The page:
Since the Koch network emerged as a major national force, Democrats have controlled at least one of the reins of Washington power. As of Friday, Republicans will have the House, the Senate and the White House in their grip. Alongside many other conservative activist groups, AFP is making clear that the time for excuses is gone.
“We’ve had promises, especially on controlling spending, from Republicans, and it’s time for them to really keep their word,” AFP President Tim Phillips said in an interview Friday. “Before, they had a reasonable point when they would say, ‘Well, we don’t control the White House.’ There was a time when they only had the House and not the Senate. They have all three now, and so the ability to genuinely get these actions, take these actions, get this agenda done — now they have that opportunity.”
The new AFP agenda is being rolled out after a long campaign where the Koch network focused its energy on state and congressional races — not on the presidential race, in what was widely interpreted as a rejection of Donald Trump.
But AFP can point to major successes over the past year — helping to oust a GOP House member who had voted against key priorities, swinging close Senate races toward Republican incumbents in North Carolina and Wisconsin, and putting field workers on the ground in key states such as Pennsylvania and Ohio that handed Trump the presidency.
There are plenty of signs that any tensions between Trump and the Kochs are in the rear-view mirror. Marc Short, a former top Koch network official, will be serving in an influential post in the White House as director of legislative affairs. And the Washington Post reported last month that many Trump transition advisers on veterans affairs had ties to Concerned Veterans for America — a Koch group that was recently brought under AFP’s umbrella.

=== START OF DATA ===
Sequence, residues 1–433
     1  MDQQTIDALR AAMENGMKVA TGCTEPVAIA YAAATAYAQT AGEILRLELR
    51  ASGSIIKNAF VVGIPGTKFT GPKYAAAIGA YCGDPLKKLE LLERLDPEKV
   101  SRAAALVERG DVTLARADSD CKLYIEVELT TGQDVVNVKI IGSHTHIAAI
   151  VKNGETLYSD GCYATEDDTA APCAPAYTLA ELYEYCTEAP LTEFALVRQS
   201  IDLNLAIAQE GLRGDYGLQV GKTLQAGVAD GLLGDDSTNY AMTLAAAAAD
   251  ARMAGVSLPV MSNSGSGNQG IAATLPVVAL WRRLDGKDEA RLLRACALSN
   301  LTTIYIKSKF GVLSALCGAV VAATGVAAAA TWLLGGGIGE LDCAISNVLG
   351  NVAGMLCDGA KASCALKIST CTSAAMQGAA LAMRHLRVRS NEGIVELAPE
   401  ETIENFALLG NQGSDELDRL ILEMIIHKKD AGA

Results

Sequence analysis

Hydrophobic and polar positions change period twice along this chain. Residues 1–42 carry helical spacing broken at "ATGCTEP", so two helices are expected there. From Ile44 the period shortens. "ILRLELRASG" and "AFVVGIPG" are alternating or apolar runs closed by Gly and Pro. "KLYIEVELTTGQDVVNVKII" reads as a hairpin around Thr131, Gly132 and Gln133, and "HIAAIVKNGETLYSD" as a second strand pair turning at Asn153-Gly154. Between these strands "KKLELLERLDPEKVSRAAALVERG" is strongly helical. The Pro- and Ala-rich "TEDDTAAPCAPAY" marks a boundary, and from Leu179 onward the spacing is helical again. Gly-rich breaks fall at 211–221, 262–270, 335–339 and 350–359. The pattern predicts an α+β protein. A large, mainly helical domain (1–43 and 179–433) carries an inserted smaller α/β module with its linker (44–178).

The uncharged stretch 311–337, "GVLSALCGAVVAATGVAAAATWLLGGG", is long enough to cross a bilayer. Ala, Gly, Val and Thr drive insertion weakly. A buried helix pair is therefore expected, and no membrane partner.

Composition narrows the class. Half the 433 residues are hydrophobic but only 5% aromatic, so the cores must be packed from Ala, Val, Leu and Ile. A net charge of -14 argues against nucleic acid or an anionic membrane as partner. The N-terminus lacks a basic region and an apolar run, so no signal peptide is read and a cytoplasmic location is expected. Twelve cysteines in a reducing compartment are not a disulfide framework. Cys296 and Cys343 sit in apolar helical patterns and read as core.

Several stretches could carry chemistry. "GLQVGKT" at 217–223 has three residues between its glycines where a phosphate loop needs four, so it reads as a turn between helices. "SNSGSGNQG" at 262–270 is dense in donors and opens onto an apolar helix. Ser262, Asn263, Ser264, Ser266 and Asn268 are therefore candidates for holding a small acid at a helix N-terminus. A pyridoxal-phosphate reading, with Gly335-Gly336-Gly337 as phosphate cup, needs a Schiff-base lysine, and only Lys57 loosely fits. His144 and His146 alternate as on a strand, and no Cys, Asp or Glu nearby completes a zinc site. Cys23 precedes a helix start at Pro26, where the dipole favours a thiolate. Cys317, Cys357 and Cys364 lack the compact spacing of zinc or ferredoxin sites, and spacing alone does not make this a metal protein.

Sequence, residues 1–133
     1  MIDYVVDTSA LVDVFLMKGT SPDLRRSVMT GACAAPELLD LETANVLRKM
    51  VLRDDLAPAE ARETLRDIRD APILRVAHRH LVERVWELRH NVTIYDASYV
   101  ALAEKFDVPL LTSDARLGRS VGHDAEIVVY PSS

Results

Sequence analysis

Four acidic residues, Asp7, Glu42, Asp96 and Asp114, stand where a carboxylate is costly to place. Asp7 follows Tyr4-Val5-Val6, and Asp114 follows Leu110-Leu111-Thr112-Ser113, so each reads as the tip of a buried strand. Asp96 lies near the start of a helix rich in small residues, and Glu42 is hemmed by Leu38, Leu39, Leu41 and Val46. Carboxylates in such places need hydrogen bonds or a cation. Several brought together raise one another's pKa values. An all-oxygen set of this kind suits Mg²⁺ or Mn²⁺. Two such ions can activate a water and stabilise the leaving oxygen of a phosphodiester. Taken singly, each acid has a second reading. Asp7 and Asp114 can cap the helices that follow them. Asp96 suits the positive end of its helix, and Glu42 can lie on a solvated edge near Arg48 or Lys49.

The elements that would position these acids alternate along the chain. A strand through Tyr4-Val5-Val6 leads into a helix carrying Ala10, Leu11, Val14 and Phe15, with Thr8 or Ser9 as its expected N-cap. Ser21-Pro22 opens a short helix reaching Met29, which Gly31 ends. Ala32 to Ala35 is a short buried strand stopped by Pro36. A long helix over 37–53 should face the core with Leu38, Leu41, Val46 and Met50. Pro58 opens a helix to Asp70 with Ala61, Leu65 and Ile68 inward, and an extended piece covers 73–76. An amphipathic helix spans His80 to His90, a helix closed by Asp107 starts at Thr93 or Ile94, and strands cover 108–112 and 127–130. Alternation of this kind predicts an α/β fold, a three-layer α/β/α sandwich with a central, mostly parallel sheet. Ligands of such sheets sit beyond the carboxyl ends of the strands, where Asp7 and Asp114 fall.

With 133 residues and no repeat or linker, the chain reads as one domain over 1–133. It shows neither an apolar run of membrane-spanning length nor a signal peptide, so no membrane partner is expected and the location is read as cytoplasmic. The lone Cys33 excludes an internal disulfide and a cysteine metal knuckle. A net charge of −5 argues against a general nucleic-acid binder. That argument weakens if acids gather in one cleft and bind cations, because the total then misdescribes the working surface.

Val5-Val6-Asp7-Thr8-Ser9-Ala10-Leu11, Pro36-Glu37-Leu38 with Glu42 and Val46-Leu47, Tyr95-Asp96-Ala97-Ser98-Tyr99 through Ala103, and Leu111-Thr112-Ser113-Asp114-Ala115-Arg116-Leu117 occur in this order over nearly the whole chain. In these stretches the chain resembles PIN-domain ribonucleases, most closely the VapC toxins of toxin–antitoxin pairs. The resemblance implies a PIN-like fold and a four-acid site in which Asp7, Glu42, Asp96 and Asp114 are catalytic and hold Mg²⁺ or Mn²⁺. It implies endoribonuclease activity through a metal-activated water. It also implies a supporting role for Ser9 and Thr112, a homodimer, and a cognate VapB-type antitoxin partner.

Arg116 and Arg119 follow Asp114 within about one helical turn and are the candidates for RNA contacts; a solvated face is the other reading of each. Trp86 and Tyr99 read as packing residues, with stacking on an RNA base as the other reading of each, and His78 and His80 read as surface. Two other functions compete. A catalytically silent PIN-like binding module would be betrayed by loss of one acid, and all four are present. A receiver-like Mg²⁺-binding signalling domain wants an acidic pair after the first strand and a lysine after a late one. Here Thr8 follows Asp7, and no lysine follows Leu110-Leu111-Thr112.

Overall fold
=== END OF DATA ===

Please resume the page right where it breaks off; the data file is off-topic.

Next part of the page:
The new legislative roadmap includes a call to “give real choice to America’s heroes and bring accountability to the [Department of Veterans Affairs], which only Congress can provide” — a nod to the CVA’s advocacy for a more privatized veterans health-care system.
The agenda starts with an urgent call to repeal Obamacare, saying that task “should be at the top of the to-do list” for the new unified GOP government. It also calls for ongoing adherence to the bipartisan spending deal negotiated in 2011 and for the passage of a balanced-budget constitutional amendment, as well as “real tax reform that lowers rates, eliminates loopholes, simplifies the code for everyone, and protects consumers from new tax increases.” It also calls for the reversal of federal regulations and the end to the Environmental Protection Agency’s Clean Power Plan and the Paris Agreement to restrict greenhouse gas emissions.
“Everyone agrees that we must fix roads and bridges in need of repair, but the best way to pay for this isn’t to spend money we don’t have and add billions — or even trillions — to the national debt,” the AFP document says. “Instead, lawmakers must eliminate or reform outdated regulations that make construction projects more costly and drag them out for years, or even decades.”
Phillips said he did not see major points of friction between AFP’s agenda and the ideas already put forth by Trump and congressional Republicans. But he acknowledged that could change as the congressional sausage-making process gets underway.
“You’re never in full agreement with any politician,” he said. “That’s the nature of things, but … there is broad, encouraging policy agreement. The truth is, the election’s over. It may only be three months ago, but, frankly, it’s over, and now is the time to put forward policies that will improve the lives of Americans. The Republicans have enormous opportunity. With that opportunity does come high expectations, and we’re hopeful they’re going to meet those expectations.”
“We’re going to help them do that,” Phillips added, “and we’ll also hold them accountable if there are times when they don’t.”
The Koch network will certainly have the means to do so. While the network does not publicly disclose all of its spending, officials said they aimed to spend roughly $250 million financing policy and political campaigns in the 2016 cycle.